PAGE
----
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Malthus The Life and Legacies of an Untimely Prophet

Biography / Memoir
By: Robert J Mayhew(Author)
284 pages, no illustrations
Publisher: Belknap Press
Malthus is a scholarly and very rewarding book for the patient reader that charts Malthus's life and especially his intellectual legacy.
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  • Malthus ISBN: 9780674728714 Hardback Apr 2014 Not in stock: Usually dispatched within 1 week
Price: £35.95
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About this book

Thomas Robert Malthus's An Essay on the Principle of Population was an immediate succès de scandale when it appeared in 1798. Arguing that nature is niggardly and that societies, both human and animal, tend to overstep the limits of natural resources in "perpetual oscillation between happiness and misery", he found himself attacked on all sides – by Romantic poets, utopian thinkers, and the religious establishment. Though Malthus has never disappeared, he has been perpetually misunderstood. Malthus: The Life and Legacies of an Untimely Prophet is at once a major reassessment of Malthus's ideas and an intellectual history of the origins of modern debates about demography, resources, and the environment.

Against the ferment of Enlightenment ideals about the perfectibility of mankind and the grim realities of life in the eighteenth century, Robert Mayhew explains the genesis of the Essay and Malthus's preoccupation with birth and death rates. He traces Malthus's collision course with the Lake poets, his important revisions to the Essay, and composition of his other great work, Principles of Political Economy. Mayhew suggests we see the author in his later writings as an environmental economist for his persistent concern with natural resources, land, and the conditions of their use. Mayhew then pursues Malthus's many afterlives in the Victorian world and beyond.

Today, the Malthusian dilemma makes itself felt once again, as demography and climate change come together on the same environmental agenda. By opening a new door onto Malthus's arguments and their transmission to the present day, Robert Mayhew gives historical depth to our current planetary concerns.


Prologue: Opening the Door on Malthus’s Roller Coaster
1. Before Malthus
2. Prophets of Perfection: A Revolutionary Triptych
3. Malthus’s Essay and the Quiet Revolution of 1798
4. Malthus as the Malign Muse of Romanticism
5. Malthus and the Making of Environmental Economics
6. Malthus and the Victorians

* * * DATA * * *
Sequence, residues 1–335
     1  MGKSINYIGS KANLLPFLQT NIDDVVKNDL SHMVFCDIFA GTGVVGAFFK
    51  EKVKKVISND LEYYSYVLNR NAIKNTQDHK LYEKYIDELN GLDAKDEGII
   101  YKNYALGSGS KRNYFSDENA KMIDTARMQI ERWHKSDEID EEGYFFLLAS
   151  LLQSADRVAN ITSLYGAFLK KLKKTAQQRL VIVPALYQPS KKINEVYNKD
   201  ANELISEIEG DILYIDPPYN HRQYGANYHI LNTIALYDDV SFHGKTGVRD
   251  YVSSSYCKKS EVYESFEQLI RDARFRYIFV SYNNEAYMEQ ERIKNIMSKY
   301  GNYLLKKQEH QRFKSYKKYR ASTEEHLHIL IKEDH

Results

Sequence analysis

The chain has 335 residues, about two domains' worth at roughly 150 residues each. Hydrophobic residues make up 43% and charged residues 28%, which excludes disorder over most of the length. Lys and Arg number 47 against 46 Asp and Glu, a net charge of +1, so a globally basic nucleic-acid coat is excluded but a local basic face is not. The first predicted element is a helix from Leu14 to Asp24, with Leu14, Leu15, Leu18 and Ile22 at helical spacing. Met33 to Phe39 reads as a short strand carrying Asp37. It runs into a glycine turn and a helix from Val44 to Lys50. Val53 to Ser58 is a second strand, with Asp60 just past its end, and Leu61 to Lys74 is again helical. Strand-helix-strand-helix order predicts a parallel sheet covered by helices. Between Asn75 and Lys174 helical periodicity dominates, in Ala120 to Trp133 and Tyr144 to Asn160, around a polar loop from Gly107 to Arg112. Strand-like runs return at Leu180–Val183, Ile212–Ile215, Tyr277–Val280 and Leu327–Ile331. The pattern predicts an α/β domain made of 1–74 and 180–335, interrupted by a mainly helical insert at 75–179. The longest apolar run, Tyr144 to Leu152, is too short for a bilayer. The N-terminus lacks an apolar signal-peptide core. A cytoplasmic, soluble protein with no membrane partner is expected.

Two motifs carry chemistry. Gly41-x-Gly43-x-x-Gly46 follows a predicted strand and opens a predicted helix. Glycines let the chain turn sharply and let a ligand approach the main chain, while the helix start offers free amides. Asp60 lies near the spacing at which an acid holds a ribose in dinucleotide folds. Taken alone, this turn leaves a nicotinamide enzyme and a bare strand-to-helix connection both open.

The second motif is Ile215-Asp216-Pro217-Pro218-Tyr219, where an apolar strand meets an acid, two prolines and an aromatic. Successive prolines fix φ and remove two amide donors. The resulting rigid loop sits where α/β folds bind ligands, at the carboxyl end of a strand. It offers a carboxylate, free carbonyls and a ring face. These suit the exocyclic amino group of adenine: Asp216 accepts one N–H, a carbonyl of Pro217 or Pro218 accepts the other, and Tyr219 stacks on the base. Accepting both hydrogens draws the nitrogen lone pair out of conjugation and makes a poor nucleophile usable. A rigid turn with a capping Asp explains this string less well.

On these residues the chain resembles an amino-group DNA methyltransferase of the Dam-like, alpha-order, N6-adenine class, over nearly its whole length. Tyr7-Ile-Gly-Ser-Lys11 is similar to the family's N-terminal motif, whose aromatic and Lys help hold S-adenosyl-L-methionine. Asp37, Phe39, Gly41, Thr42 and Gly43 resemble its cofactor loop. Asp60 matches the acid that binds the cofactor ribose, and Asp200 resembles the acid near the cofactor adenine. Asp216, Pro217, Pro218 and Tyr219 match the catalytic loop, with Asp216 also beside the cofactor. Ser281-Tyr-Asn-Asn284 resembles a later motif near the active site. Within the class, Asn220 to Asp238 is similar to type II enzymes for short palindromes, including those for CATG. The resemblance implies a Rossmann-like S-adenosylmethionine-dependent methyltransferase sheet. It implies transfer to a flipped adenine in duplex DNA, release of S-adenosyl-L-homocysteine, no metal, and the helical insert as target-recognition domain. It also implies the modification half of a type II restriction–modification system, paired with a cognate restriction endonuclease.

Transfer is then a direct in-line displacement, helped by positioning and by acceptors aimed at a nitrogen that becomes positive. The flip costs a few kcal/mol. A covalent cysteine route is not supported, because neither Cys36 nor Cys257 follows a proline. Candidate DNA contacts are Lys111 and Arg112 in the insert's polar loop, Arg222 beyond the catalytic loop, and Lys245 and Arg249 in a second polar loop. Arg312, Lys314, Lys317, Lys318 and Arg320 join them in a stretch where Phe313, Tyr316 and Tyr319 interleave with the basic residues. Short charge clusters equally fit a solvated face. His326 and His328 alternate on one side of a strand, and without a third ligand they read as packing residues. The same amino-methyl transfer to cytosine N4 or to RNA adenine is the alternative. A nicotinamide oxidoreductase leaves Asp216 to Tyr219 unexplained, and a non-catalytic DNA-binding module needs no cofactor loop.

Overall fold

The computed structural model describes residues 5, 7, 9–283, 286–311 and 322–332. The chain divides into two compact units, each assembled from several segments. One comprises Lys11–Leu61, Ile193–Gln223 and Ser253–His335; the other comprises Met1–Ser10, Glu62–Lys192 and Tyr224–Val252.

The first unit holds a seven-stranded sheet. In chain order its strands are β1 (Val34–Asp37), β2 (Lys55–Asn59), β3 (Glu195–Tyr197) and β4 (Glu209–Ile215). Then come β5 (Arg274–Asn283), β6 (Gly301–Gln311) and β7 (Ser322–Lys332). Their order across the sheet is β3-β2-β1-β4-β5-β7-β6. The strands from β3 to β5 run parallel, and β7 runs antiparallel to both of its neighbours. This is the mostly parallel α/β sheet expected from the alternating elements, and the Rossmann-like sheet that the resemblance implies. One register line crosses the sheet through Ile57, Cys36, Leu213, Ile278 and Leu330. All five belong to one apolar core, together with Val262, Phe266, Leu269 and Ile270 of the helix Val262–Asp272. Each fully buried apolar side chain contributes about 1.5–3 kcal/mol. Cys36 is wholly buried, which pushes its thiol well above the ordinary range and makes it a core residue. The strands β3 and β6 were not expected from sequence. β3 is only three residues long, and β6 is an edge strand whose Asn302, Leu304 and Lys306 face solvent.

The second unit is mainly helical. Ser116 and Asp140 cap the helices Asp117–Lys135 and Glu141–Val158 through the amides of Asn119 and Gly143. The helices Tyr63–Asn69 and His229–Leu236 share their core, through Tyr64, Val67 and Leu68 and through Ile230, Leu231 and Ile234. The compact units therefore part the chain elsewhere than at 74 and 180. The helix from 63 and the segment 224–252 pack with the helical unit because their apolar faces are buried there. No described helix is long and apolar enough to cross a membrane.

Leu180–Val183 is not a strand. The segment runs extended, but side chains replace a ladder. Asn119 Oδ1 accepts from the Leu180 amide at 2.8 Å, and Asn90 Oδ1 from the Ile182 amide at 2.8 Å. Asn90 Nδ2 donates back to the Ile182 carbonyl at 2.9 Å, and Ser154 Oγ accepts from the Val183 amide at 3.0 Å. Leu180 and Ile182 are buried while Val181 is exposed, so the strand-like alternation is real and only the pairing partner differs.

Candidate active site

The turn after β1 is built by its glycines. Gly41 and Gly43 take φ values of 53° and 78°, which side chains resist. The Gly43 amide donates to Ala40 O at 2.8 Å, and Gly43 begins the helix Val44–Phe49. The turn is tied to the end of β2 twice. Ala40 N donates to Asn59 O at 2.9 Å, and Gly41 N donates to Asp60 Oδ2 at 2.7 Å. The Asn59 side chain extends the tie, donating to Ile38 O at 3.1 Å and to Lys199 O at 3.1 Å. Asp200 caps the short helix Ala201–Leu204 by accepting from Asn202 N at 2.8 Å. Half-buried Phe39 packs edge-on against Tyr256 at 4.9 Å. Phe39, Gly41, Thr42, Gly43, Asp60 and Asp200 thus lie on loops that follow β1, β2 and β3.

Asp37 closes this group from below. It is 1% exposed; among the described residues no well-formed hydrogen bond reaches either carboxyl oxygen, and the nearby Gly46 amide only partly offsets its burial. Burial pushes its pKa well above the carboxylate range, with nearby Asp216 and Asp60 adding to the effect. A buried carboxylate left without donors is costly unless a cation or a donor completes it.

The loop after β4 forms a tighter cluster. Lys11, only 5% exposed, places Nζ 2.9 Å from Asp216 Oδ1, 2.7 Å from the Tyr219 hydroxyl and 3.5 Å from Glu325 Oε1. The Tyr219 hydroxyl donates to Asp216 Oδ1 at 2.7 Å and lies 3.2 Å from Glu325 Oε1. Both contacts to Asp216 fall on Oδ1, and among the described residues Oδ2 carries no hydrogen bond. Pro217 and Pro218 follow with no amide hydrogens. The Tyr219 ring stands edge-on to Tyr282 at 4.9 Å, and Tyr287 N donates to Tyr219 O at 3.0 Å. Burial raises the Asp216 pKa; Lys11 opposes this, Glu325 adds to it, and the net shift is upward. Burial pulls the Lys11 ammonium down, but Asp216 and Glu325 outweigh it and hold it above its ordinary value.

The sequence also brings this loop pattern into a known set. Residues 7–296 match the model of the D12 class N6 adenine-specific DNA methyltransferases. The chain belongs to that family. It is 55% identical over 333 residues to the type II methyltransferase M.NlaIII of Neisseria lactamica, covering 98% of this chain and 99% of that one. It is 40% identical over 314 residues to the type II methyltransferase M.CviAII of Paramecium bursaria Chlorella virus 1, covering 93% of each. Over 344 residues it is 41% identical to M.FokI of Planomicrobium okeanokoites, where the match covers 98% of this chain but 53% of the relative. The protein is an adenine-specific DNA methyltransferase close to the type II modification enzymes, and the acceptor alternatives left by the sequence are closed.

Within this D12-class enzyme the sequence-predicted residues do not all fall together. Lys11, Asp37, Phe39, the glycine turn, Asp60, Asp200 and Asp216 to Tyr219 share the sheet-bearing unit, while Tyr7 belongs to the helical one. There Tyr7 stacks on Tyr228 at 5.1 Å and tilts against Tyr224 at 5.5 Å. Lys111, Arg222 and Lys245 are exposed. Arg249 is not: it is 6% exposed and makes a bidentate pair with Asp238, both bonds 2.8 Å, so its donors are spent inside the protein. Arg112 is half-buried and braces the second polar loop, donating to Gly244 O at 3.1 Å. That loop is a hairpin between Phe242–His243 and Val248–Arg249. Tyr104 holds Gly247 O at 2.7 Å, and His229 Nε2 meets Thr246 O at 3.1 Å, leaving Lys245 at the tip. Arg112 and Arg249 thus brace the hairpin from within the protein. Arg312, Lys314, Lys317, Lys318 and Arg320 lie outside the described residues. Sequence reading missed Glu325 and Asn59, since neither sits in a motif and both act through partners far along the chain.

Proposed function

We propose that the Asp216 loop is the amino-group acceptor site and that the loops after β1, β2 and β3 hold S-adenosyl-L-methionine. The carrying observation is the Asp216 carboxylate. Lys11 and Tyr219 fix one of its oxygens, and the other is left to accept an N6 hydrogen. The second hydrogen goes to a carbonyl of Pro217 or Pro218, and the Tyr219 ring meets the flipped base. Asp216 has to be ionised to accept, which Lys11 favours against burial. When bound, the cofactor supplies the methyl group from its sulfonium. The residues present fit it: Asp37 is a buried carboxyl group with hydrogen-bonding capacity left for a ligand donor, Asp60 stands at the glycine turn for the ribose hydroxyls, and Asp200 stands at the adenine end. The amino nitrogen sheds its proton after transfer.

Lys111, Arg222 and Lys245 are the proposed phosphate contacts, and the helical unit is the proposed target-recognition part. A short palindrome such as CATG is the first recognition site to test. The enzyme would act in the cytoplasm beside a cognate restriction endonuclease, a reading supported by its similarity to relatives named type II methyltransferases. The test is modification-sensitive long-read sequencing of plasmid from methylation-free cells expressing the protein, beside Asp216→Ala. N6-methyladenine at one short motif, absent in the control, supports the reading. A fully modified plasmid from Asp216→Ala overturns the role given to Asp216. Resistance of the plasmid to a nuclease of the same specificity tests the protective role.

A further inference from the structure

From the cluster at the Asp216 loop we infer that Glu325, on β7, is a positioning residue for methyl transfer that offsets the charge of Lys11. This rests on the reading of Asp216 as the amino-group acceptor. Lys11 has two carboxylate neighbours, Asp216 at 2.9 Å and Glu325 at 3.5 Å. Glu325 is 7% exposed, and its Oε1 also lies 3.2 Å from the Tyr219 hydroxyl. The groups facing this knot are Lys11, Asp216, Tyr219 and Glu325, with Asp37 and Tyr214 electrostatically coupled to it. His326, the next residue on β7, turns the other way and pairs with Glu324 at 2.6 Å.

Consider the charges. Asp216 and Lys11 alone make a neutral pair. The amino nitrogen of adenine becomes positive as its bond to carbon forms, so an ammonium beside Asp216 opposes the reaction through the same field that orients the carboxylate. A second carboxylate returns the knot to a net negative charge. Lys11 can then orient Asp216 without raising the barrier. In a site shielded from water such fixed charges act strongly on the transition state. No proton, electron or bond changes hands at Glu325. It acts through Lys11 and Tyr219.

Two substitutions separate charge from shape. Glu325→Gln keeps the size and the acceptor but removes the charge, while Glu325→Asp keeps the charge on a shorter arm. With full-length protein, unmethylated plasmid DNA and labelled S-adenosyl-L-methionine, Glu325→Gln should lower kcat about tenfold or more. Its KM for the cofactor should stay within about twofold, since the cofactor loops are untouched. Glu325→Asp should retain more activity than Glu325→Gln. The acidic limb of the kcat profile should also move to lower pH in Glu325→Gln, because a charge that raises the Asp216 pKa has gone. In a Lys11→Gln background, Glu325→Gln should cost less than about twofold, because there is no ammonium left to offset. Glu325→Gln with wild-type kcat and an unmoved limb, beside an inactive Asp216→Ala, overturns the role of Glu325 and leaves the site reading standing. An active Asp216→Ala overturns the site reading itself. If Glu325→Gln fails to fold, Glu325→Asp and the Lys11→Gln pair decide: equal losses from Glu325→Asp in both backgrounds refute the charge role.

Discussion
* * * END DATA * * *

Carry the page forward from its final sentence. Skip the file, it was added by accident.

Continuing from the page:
7. Malthus and the Dismal Age
8. Malthus the Transatlantic Celebrity
9. Malthus Today
Epilogue: High Time for the Untimely Prophet


Customer Reviews (1)

  • Intellectual biography that is required reading
    By Leon (NHBS Catalogue Editor) 16 Sep 2019 Written for Hardback

    Thomas Robert Malthus, a man so praised and vilified that his name has been immortalised in the noun “Malthusianism”. Many people will have heard of him in the context of overpopulation, but how many of you know the title of his famous book? Robert J. Mayhew is a Professor of Historical Geography and Intellectual History and with Malthus: The Life and Legacies of an Untimely Prophet he makes the case that Malthus’s book is a good example of the unread classic. Deeply researched, this is a scholarly book for the patient reader that charts Malthus’s life and, especially, his intellectual legacy. As Mayhew shows, Malthus remains as relevant as ever, though he continues to be misinterpreted in manifold ways.

    Malthus’s book An Essay on the Principle of Population was originally published in 1798, followed by a much-reworked second edition in 1803. Yale University Press reissued it with supporting essays four years after this book, see my review here. To understand its stormy reception, Mayhew starts with two chapters sketching the life and economy of Malthus’s England in the decades leading up to 1800, as well as the social and intellectual climate into which his book was born. In particular, Mayhew highlights the French Revolution of 1789 and how it shaped the thinking of scholars such as Richard Price, Marquis de Condorcet, and William Godwin. Concerns about population and food scarcity were already in the air, though little empirical or census data were available.

    Malthus and his work only make their entrance in chapter 3, which charts his education and the period leading up to the publication of the first edition, while chapter 5 explores Malthus “the environmental economist”. As Mayhew clarifies, though, it is misleading of me to call him that. His work was a precursor leading to that discipline, but Malthus did, for example, not consider air, water, or ecosystems as limiting resources. It took “the extractive volumes of the twentieth century” before these were taken along in economic analyses. These two chapters are really the biographical part of this book (a fuller biography is given in Population Malthus). Throughout, Mayhew highlights Malthus's humane side and his caution, assiduousness, and empiricism in collecting more data to prepare the 1803 rewrite.